However, this resolution is too modest for a laptop that costs more than $2,500, and it’s disappointing that you’ll have to pay an extra $200 to upgrade to QHD+ (2560 x 1600) resolution. The monitor only supports the sRGB color standard as well, which should be fine for basic graphics and photo editing work, but will disappoint creative users who need a more precisely calibrated display for graphics or video work.
And while the stereo speaker system – with two tweeters and a subwoofer – sounds quite full, the 720p webcam is disappointing, even though it supports infrared Face authentication in Windows Hello. The webcam performs well in low light, but the slightly grainy image reveals a low resolution so it wouldn’t be ideal for video calls or remote work.
Left side (top): 3.5mm audio input/output, 2x Thunderbolt 4 / USB-C (1x Power Delivery), optional smart card reader. Right side (above): MicroSD card reader, 2x Thunderbolt 4 / USB-C (1x Power Delivery), lock slot.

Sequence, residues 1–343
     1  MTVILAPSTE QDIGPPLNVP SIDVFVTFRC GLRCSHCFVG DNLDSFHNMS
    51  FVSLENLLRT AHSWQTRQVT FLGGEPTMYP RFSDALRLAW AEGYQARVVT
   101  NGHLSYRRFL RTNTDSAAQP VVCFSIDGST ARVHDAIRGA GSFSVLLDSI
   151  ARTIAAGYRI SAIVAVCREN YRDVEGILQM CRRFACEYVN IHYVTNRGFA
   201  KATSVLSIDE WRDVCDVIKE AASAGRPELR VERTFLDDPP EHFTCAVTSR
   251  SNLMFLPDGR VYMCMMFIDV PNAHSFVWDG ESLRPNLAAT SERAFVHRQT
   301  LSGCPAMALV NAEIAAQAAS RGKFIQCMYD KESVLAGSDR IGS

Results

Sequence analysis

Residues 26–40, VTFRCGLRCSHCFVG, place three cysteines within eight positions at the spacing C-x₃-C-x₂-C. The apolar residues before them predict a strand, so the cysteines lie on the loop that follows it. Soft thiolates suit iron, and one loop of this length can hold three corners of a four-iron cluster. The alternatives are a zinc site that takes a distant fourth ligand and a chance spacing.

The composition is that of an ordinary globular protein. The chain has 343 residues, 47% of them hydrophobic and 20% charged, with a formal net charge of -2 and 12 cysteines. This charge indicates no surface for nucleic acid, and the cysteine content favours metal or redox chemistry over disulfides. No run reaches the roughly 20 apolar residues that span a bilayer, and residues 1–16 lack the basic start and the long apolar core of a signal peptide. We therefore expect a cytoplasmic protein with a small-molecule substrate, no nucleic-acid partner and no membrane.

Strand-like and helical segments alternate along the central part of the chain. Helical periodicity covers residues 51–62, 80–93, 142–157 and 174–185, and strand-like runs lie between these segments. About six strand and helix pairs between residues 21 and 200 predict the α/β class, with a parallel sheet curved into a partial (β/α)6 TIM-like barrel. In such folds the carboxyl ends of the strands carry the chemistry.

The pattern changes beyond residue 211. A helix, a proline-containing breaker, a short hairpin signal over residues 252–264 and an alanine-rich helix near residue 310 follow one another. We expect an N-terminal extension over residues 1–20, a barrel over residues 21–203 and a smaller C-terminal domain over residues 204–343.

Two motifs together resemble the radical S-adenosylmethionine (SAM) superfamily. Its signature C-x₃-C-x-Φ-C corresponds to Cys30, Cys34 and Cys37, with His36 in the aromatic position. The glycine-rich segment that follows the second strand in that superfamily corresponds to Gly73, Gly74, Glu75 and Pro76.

Photo: Cliff Joseph/ZDNET
Although the Precision 5470 is well connected, it features Wi-Fi 6E (802.11ax at 2.4GHz, 5GHz, and 6GHz) and Bluetooth 5.2, along with four Thunderbolt 4 / USB 4 ports with DisplayPort support. There is also a 3.5mm jack for audio in and out, and a MicroSD card slot. There are no HDMI or USB-A ports, so you’ll need to provide your own adapters for older displays or peripherals that use those connectors.
Prices and options
The Dell website currently offers a number of pre-made configurations of the Precision 5470, all with the same 14-inch FHD+ (1920 x 1200) monitor. Dell prices fluctuate a bit from day to day, but at the time of writing, prices in the US start at $1,659 for the entry-level configuration with the 12th Gen. Core i5-12500H Integrated Iris Xe processor and graphics, along with 8GB of RAM and 256GB of solid storage. Oddly enough, UK pricing for this model is much higher at £2,928.59 (as VAT).